Peace to all such-'twere pity to offend,
By useless censure, whom we can not mend;
Life without hope can close but in despair,
'Twas there we found them, and must leave them
As, when two pilgrims in a forest stray,
Both may be lost, yet each in his own way;
So fares it with the multitudes beguiled
In vain Opinion's waste and dangerous wild;
Ten thousand rove the brakes and thorns among,
Some eastward, and some westward, and all wrong.
But here, alas! the fatal difference lies,
Each man's belief is right in his own eyes;
And he that blames what they have blindly chose,
Incurs resentment for the love he shows.
Say, botanist, within whose province fall
The cedar and the hyssop on the wall,
Of all that deck the lanes, the fields, the bowers,
What parts the kindred tribes of weeds
Sweet scent, or lovely form, or both combined,
Distinguish every cultivated kind;
The want of both denotes a meaner breed,
And Chloe from her garland picks the weed.
Thus hopes of every sort, whatever sect
Esteem them, sow them, rear them, and protect,
If wild in nature, and not duly found,
Gethsemane! in thy dear hallowed ground,
That can not bear the blaze of Scripture light,
Nor cheer the spirit, nor refresh the sight,
Nor animate the soul to Christian deeds,
His sovereign power and pleasure unrestrained,
The wrong was his who wrongfully complained.
Yet half mankind maintain a churlish strife
With Him, the donor of eternal life,
Because the deed, by which his love confirms
The largess he bestows, prescribes the terms.
Compliance with his will your lot ensures,
Accept it only, and the boon is yours.
And sure it is as kind to smile and give,
Love is not pedler's trumpery bought and sold:
As with a frown to say, Do this, and live.
He will give freely, or he will withhold;
His soul abhors a mercenary thought,
And him as deeply who abhors it not;
He stipulates indeed, but merely this,
Will trust him for a faithful generous part,
That man will freely take an unbought bliss,
Nor set a price upon a willing heart.
Of all the ways that seems to promise fair,
This only can; for this plain cause, expressed
To place you where his saints his presence share,
In terms as plain, Himself has shut the rest.
But oh the strife, the bickering, and debate,
The flirted fan, the bridle, and the toss,
The tidings of unpurchased Heaven create!
All speakers, yet all language at a loss.
From stuccoed walls smart argument rebound;
And beaux, adepts in every thing profound,
Die of disdain, or whistle off the sound.
Such is the clamour of rooks, daws, and kites,
Th' explosion of the levelled tube excites,
Where mouldering abbey-walls o'erhang the glade,
And oaks coeval spread a mournful shade;
The screaming nations, hovering in mid air,
Loudly resent the stranger's freedom there,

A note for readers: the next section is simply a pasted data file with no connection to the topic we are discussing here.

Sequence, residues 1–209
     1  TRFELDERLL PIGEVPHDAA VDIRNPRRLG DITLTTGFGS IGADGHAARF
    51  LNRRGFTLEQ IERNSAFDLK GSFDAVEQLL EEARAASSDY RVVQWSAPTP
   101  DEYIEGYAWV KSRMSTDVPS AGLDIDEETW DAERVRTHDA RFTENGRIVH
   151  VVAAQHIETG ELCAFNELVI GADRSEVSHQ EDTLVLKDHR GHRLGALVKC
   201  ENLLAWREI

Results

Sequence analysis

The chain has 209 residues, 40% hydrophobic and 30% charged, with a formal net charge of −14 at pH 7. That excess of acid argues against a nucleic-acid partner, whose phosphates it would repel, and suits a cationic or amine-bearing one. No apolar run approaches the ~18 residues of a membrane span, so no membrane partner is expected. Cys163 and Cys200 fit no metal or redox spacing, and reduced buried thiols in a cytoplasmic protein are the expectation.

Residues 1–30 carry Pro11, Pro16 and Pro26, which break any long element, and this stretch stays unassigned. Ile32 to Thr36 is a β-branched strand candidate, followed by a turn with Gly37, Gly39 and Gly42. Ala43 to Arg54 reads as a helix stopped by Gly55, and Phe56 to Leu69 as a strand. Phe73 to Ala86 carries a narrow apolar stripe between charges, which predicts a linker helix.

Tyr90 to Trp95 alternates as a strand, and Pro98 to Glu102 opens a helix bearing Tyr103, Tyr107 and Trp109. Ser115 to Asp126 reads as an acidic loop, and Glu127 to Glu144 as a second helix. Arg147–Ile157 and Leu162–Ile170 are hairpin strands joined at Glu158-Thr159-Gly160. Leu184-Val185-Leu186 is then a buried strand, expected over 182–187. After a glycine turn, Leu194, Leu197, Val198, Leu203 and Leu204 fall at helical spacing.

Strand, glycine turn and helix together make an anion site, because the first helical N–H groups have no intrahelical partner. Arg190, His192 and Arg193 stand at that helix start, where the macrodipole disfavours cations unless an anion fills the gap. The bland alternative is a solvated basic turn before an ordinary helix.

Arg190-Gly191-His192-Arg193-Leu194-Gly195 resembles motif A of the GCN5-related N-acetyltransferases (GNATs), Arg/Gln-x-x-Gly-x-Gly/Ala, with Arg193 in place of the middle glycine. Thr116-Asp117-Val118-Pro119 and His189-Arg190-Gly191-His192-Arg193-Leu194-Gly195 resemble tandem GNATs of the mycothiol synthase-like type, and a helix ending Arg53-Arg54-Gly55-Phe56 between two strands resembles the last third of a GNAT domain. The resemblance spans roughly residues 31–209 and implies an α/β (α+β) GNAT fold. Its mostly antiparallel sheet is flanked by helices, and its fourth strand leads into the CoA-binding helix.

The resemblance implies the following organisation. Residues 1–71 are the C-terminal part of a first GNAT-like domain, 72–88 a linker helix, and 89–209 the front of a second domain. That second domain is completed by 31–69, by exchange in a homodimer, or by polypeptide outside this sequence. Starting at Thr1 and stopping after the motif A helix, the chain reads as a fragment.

And seem to warn him never to repeat
His bold intrusion on their dark retreat.
Adieu, Vinosa cries, ere yet he sips
(Oh cast them from thee!) are weeds, arrant The purple bumper trembling at his lips,
Ethelred's house, the centre of six ways,
Diverging each from each, like equal rays,
Himself as bountiful as April rains,
Lord paramount of the surrounding plains,
Would give relief of bed and board to none
But guests that sought it in th' appointed One;
And they might enter at his open door,
E'en till his spacious hall would hold no more.
Adieu to all morality! if Grace
Make works a vain ingredient in the case.
The Christian hope is-Waiter, draw the cork—
If I mistake not-Blockhead!, with a fork!
Without good works, whatever some may boast,
Mere folly and delusion-Sir, your toast.
My firm persuasion is, at least sometimes,
That Heaven will weigh.man's virtues and his
With nice attention, in a righteous scale,
And save or damn as these or those prevail.
I plant my foot upon this ground of trust,
And silence every fear with-God is just.
But if perchance on some dull drizzling day
A thought intrude, that says, or seems to say,
If thus th' important cause is to be tried,
Suppose the beam should dip on the wrong
I soon recover from these needless frights,
And God is merciful-sets all to rights.
Thus between justice, as my prime support,
And mercy, fled to as the last resort,
I glide and steal along with Heaven in view,
And,-pardon me, the bottle stands with you.
I never will believe, the Colonel cries,
The sanguinary schemes, that some devise
Who make the good Creator on their plan
A being of less equity than man.
If appetite, or what divines call lust,
Which men comply with, e'en because they must,
Be punished with perdition, who is pure?
Then theirs, no doubt, as well as mine, is sure.
If sentence of eternal pain belong
To every sudden slip and transient wrong,
Then Heaven enjoins the fallible and frail
A hopeless task, and damns them if they fail.
My creed (whatever some creed-makers mean
By Athanasian nonsense, or Nicene)—
My creed is, he is safe that does his best,
And death's a doom sufficient for the rest.
Right, says an ensign; and, for aught I see,
Your faith and mine substantially agree;
The best of every man's performance here
Is to discharge the duties of his sphere.
A lawyer's dealings should be just and fair,
Honesty shines with great advantage there.
Fasting and prayer sit well upon a priest,
A decent caution and reserve at least.
A soldier's best is courage in the field,
With nothing here that wants to be concealed;
Manly deportment, gallant, easy, gay;
A hand as liberal as the light of day.
The soldier thus endowed who never shrinks,
Nor closets up his thoughts, whate'er he thinks,
Who scorns to do an injury by stealth,
Must go to Heaven-and I must drink his health.
Sir Smug, he cries, (for lowest at the board,
Just made fifth chaplain of his patron lord,
His shoulders witnessing, by many a shrug,
How much his feelings suffered, sat Sir Smug,)
Your office is to winnow false from true;
Come, prophet, drink, and tell us what think you?
Sighing and smiling as he takes his glass,
Which they that woo preferment rarely pass,
Fallible man, the church-bred youth replies,
Is still found fallible, however wise;
And differing judgments serve but to declare,
That truth lies somewhere, if we knew but where.
Of all it ever was my lot to read,